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Neuropsychol Rev. 2015 Dec;25(4):384-97. doi: 10.1007/s11065-015-9308-7. Epub 2015 Nov 25.

High Frequency Deep Brain Stimulation and Neural Rhythms in Parkinson's Disease.

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Department of Neurology and Neurological Sciences, Stanford University, Stanford, CA, 94305, USA.
Department of Neurology and Neurological Sciences, Stanford University, Stanford, CA, 94305, USA.
Department of Neurosurgery, Stanford University, Stanford, CA, 94305, USA.
Stanford University School of Medicine, Rm A343, 300 Pasteur Drive, Stanford, CA, 94305, USA.


High frequency (HF) deep brain stimulation (DBS) is an established therapy for the treatment of Parkinson's disease (PD). It effectively treats the cardinal motor signs of PD, including tremor, bradykinesia, and rigidity. The most common neural target is the subthalamic nucleus, located within the basal ganglia, the region most acutely affected by PD pathology. Using chronically-implanted DBS electrodes, researchers have been able to record underlying neural rhythms from several nodes in the PD network as well as perturb it using DBS to measure the ensuing neural and behavioral effects, both acutely and over time. In this review, we provide an overview of the PD neural network, focusing on the pathophysiological signals that have been recorded from PD patients as well as the mechanisms underlying the therapeutic benefits of HF DBS. We then discuss evidence for the relationship between specific neural oscillations and symptoms of PD, including the aberrant relationships potentially underlying functional connectivity in PD as well as the use of different frequencies of stimulation to more specifically target certain symptoms. Finally, we briefly describe several current areas of investigation and how the ability to record neural data in ecologically-valid settings may allow researchers to explore the relationship between brain and behavior in an unprecedented manner, culminating in the future automation of neurostimulation therapy for the treatment of a variety of neuropsychiatric diseases.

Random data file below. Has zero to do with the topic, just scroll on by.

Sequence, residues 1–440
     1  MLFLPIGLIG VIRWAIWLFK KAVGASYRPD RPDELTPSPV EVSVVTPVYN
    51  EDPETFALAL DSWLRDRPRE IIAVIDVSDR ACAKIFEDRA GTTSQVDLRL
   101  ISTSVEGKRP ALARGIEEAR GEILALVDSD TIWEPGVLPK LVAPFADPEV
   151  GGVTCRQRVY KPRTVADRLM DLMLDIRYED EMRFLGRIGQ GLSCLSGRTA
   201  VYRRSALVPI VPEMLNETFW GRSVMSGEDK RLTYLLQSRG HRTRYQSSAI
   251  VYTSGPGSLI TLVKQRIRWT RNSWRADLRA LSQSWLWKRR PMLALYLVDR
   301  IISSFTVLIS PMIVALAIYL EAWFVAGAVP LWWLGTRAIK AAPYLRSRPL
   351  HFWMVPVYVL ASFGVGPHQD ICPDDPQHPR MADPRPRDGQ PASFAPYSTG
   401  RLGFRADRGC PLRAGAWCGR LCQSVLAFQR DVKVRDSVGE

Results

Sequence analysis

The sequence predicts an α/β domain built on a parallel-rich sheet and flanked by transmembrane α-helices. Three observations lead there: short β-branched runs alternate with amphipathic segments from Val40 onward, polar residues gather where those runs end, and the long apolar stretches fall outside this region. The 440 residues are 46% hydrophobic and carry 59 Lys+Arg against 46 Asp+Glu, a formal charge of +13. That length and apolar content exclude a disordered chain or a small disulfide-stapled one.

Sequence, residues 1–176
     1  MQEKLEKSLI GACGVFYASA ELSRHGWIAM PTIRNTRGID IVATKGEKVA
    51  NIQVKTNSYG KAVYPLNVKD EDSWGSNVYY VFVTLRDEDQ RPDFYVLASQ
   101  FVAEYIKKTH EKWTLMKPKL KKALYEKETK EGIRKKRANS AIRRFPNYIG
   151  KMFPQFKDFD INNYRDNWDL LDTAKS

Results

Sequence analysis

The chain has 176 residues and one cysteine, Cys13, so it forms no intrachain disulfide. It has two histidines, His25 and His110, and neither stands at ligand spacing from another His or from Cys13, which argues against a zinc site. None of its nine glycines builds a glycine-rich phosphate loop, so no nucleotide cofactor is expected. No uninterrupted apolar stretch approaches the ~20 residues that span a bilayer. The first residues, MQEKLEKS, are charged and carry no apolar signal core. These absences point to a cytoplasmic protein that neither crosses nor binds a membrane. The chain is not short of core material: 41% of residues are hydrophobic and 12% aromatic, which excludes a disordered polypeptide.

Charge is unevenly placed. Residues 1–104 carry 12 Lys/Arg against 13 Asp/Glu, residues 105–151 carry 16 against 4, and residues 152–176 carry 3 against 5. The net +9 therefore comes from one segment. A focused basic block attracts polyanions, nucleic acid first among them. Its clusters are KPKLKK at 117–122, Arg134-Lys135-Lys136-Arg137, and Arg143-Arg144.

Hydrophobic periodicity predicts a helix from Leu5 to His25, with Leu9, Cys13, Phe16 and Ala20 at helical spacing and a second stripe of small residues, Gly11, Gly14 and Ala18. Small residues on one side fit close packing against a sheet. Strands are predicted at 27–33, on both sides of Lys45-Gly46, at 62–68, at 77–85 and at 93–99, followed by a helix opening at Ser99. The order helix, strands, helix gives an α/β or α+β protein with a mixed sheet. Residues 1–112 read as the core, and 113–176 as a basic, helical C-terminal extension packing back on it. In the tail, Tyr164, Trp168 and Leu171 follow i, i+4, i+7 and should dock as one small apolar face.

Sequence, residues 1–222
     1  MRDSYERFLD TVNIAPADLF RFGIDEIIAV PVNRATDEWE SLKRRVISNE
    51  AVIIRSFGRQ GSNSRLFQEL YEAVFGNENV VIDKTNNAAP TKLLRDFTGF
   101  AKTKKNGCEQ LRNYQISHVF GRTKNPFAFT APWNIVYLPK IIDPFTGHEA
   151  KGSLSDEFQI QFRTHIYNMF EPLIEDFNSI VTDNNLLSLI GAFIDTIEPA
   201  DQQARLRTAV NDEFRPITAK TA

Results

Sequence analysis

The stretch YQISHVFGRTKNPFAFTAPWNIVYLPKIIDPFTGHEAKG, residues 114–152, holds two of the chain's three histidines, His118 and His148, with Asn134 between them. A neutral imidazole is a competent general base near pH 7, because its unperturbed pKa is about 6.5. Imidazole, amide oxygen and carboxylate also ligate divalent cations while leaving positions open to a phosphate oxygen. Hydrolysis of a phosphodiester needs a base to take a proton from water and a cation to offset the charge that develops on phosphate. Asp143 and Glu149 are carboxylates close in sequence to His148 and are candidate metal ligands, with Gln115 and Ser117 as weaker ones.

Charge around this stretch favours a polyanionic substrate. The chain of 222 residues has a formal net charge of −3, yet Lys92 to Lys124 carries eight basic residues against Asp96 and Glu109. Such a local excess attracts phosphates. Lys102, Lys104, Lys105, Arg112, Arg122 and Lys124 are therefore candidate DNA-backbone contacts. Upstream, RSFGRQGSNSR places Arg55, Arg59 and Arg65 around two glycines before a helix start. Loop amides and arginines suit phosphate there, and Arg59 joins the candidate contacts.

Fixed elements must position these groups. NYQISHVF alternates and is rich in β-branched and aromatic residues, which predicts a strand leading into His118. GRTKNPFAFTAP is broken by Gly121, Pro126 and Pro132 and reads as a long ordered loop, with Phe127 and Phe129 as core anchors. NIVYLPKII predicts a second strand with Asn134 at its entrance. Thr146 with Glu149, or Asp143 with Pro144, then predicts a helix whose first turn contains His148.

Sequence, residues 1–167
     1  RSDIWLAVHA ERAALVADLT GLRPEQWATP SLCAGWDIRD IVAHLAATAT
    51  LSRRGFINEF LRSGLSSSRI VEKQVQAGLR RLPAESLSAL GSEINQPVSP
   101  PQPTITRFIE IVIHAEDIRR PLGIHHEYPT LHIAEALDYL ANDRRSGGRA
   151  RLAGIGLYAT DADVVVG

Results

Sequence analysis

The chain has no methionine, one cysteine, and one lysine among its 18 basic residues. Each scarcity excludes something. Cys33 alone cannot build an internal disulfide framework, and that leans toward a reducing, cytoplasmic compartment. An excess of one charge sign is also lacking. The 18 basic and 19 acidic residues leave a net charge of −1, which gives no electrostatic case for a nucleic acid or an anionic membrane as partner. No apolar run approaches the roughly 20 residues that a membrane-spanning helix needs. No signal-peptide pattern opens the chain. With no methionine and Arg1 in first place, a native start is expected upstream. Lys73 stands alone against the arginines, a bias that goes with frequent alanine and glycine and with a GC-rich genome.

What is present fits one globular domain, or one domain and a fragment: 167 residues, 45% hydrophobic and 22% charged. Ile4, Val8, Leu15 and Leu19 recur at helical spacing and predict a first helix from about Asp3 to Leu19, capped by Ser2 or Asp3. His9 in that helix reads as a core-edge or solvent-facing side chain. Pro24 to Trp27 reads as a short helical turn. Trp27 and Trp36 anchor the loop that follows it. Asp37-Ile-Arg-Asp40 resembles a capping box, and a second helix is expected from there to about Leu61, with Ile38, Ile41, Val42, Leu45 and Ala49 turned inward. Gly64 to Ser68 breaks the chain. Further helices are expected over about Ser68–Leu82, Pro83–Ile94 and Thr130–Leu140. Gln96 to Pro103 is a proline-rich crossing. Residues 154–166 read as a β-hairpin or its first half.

Beta band; Closed-loop; Deep brain stimulation; Neuromodulation; Parkinson’s disease; Subthalamic nucleus

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